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Antiviral Res. 2015 Oct;122:91-100. doi: 10.1016/j.antiviral.2015.08.005. Epub 2015 Aug 10.

Metabolism and function of hepatitis B virus cccDNA: Implications for the development of cccDNA-targeting antiviral therapeutics.

Author information

1
Baruch S. Blumberg Institute, Hepatitis B Foundation, Doylestown, PA 18902, USA. Electronic address: ju-tao.guo@bblumberg.org.
2
Department of Microbiology and Immunology, Indiana University School of Medicine, 635 Barnhill Drive, Indianapolis, IN 46202, USA. Electronic address: haitguo@iupui.edu.

Abstract

Persistent hepatitis B virus (HBV) infection relies on the stable maintenance and proper functioning of a nuclear episomal form of the viral genome called covalently closed circular (ccc) DNA. One of the major reasons for the failure of currently available antiviral therapeutics to achieve a cure of chronic HBV infection is their inability to eradicate or inactivate cccDNA. In this review article, we summarize our current understanding of cccDNA metabolism in hepatocytes and the modulation of cccDNA by host pathophysiological and immunological cues. Perspectives on the future investigation of cccDNA biology, as well as strategies and progress in therapeutic elimination and/or transcriptional silencing of cccDNA through rational design and phenotypic screenings, are also discussed. This article forms part of a symposium in Antiviral Research on "An unfinished story: from the discovery of the Australia antigen to the development of new curative therapies for hepatitis B."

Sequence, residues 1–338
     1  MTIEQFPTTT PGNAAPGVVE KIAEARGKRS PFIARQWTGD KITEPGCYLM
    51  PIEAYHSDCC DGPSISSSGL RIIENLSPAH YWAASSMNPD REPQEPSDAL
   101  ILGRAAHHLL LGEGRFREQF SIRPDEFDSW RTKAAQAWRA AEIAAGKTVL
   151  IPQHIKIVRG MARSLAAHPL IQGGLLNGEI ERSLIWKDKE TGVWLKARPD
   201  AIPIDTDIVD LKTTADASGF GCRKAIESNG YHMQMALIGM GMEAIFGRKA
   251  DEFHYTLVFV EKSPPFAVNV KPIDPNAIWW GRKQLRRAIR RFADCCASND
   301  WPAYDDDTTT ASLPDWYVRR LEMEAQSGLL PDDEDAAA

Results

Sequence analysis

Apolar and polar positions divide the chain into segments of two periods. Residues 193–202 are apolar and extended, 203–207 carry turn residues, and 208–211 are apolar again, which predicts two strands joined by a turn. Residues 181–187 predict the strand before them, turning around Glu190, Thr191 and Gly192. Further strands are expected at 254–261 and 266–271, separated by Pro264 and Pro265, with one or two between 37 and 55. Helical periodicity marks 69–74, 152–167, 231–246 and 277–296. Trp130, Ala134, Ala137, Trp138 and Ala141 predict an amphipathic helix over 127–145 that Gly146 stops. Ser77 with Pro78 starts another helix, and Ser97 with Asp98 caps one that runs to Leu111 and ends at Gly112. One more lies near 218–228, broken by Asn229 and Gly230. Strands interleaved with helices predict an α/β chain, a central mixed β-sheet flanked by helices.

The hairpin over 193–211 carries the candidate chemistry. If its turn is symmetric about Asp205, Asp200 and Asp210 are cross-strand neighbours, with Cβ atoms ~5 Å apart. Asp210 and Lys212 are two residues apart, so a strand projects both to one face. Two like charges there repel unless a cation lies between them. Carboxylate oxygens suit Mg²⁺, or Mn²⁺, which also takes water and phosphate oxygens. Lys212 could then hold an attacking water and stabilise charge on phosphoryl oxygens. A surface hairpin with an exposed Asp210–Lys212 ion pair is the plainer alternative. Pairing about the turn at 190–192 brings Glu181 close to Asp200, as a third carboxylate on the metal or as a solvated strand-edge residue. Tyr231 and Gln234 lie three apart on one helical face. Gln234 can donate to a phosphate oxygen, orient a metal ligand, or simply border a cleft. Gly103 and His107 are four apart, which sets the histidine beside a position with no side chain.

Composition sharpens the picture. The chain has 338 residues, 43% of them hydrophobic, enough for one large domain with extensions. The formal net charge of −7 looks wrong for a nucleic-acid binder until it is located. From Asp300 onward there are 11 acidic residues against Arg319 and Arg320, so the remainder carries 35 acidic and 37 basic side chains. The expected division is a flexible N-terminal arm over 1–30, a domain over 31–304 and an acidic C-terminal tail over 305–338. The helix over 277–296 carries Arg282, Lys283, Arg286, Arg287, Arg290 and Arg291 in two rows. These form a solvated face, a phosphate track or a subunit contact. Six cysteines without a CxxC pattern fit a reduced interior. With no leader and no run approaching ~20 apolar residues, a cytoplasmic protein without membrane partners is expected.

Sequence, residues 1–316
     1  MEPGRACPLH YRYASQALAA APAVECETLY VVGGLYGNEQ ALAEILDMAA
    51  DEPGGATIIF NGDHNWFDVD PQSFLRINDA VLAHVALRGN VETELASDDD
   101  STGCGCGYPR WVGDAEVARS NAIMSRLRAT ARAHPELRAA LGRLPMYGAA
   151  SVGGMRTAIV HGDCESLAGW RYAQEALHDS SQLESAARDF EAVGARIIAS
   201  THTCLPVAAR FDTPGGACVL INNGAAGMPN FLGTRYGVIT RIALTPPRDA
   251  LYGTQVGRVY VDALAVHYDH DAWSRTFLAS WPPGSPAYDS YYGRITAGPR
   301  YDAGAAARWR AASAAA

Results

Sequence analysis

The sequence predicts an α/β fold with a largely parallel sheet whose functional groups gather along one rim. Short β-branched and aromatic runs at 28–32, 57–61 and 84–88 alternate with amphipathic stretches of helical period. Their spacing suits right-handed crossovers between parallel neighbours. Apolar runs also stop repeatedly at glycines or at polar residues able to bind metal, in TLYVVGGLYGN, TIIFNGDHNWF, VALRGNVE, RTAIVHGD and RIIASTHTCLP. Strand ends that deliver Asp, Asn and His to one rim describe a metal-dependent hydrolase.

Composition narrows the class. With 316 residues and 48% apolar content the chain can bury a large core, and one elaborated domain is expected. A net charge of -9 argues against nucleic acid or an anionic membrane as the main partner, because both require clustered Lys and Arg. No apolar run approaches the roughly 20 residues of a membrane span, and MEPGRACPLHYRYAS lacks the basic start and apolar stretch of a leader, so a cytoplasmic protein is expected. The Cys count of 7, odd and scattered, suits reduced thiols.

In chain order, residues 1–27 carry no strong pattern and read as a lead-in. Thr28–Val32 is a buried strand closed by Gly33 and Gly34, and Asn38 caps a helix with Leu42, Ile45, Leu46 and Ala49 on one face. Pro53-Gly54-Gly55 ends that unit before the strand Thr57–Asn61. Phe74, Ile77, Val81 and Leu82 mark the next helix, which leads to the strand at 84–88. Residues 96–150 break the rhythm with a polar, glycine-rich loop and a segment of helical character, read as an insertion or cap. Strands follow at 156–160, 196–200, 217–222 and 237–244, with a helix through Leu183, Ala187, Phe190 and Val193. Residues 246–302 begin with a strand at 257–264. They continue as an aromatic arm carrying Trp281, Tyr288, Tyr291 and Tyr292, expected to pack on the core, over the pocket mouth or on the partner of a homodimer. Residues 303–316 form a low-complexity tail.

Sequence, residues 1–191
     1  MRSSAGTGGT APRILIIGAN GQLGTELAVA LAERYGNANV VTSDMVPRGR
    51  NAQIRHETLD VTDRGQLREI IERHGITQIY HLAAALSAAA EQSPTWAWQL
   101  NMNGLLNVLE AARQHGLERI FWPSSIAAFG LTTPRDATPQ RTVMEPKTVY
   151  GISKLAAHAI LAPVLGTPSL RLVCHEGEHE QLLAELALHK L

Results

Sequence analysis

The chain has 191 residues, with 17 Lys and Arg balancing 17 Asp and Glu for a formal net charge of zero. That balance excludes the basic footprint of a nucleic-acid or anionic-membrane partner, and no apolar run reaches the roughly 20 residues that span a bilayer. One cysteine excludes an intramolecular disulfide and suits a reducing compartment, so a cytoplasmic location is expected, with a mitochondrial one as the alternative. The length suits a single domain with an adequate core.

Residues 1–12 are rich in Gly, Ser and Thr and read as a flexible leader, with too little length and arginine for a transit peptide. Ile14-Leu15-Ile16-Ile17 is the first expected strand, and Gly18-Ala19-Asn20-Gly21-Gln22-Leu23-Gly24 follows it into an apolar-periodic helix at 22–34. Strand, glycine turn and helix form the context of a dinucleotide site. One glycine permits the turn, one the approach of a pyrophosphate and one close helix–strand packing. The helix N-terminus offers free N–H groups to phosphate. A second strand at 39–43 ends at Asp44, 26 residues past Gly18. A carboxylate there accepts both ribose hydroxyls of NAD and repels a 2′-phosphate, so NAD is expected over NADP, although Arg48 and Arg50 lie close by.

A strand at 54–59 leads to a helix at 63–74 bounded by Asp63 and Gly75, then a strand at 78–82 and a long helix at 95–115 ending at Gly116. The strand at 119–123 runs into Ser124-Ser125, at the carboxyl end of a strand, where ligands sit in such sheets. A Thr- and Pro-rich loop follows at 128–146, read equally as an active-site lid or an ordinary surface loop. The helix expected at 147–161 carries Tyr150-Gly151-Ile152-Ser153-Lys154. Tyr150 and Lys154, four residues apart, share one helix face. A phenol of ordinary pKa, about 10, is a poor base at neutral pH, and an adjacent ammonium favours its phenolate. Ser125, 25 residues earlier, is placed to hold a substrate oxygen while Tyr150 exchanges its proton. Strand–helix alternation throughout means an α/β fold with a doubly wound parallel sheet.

KEYWORDS:

Antiviral; DNA repair; Hepatitis B virus; Innate immunity; cccDNA

PMID:
26272257
PMCID:
PMC4586118
DOI:
10.1016/j.antiviral.2015.08.005
[Indexed for MEDLINE]
Free PMC Article

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